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Open AccessArticle

Comparing Models of Lateral Station-Keeping for Pitching Hydrofoils

Department of Mechanical and Aerospace Engineering, University of Virginia, Charlottesville, VA 22904, USA
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Author to whom correspondence should be addressed.
Biomimetics 2019, 4(3), 51; https://doi.org/10.3390/biomimetics4030051
Received: 7 June 2019 / Revised: 15 July 2019 / Accepted: 17 July 2019 / Published: 22 July 2019
(This article belongs to the Special Issue Fluid Dynamic Interactions in Biological and Bioinspired Propulsion)
Fish must maneuver laterally to maintain their position in schools or near solid boundaries. Unsteady hydrodynamic models, such as the Theodorsen and Garrick models, predict forces on tethered oscillating hydrofoils aligned with the incoming flow. How well these models predict forces when bio-inspired hydrofoils are free to move laterally or when angled relative to the incoming flow is unclear. We tested the ability of five linear models to predict a small lateral adjustment made by a hydrofoil undergoing biased pitch oscillations. We compared the models to water channel tests in which air bushings gave a rigid pitching hydrofoil lateral freedom. What we found is that even with no fitted coefficients, linear models predict some features of the lateral response, particularly high frequency features like the amplitude and phase of passive heave oscillations. To predict low frequency features of the response, such as overshoot and settling time, we needed a semiempirical model based on tethered force measurements. Our results suggest that fish and fish-inspired vehicles could use linear models for some aspects of lateral station-keeping, but would need nonlinear or semiempirical wake models for more advanced maneuvers. View Full-Text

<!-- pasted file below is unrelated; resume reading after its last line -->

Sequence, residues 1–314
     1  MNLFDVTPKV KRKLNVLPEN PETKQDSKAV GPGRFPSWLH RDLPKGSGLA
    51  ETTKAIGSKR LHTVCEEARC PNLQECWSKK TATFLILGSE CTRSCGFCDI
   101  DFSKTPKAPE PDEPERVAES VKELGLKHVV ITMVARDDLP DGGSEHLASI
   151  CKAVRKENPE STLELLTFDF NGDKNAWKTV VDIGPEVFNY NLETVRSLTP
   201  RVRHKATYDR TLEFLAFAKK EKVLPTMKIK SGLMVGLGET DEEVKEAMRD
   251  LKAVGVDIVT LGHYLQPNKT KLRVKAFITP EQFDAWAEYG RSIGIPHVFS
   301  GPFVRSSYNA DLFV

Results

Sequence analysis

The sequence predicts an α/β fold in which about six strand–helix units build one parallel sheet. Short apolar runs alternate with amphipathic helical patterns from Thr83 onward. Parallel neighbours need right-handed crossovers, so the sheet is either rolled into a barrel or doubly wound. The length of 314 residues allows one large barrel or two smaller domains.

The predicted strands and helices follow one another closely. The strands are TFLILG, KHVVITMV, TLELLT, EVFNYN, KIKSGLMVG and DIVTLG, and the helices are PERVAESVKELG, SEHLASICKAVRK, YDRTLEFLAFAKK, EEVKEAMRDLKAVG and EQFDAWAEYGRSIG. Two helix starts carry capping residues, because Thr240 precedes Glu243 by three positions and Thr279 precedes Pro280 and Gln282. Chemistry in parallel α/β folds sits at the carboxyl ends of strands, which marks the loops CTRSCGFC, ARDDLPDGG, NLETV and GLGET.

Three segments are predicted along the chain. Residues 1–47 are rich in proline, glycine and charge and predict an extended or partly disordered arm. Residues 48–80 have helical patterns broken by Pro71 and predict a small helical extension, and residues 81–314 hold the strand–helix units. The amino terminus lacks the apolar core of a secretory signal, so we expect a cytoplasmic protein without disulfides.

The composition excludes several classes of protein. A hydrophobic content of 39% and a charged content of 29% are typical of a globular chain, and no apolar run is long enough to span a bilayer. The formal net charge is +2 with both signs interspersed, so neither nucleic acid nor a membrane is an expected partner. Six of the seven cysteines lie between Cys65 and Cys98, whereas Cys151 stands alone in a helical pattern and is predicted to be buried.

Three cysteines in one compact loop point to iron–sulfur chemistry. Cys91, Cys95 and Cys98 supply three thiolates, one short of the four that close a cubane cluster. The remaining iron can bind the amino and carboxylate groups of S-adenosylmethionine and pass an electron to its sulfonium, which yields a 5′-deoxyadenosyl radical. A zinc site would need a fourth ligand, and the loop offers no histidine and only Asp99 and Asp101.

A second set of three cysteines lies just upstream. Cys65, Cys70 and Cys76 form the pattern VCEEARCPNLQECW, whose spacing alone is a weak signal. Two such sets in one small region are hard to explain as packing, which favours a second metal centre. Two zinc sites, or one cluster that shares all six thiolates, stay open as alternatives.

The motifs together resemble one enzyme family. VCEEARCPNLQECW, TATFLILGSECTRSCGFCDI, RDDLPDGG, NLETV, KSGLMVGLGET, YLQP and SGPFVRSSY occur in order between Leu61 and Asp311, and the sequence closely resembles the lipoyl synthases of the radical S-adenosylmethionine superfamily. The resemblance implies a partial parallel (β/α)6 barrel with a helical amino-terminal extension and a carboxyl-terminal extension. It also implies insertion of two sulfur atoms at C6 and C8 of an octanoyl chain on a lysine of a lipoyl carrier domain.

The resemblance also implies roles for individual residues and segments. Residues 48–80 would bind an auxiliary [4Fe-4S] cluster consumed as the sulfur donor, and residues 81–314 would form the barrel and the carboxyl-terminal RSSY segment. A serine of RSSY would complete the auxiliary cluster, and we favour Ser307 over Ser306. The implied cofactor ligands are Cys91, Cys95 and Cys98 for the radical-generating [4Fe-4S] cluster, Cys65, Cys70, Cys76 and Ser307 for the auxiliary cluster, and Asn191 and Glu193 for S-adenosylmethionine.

Keywords: swimming; biolocomotion; fish schooling; stability; maneuvering; unsteady aerodynamics swimming; biolocomotion; fish schooling; stability; maneuvering; unsteady aerodynamics
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Gunnarson, P.; Zhong, Q.; Quinn, D.B. Comparing Models of Lateral Station-Keeping for Pitching Hydrofoils. Biomimetics 2019, 4, 51.

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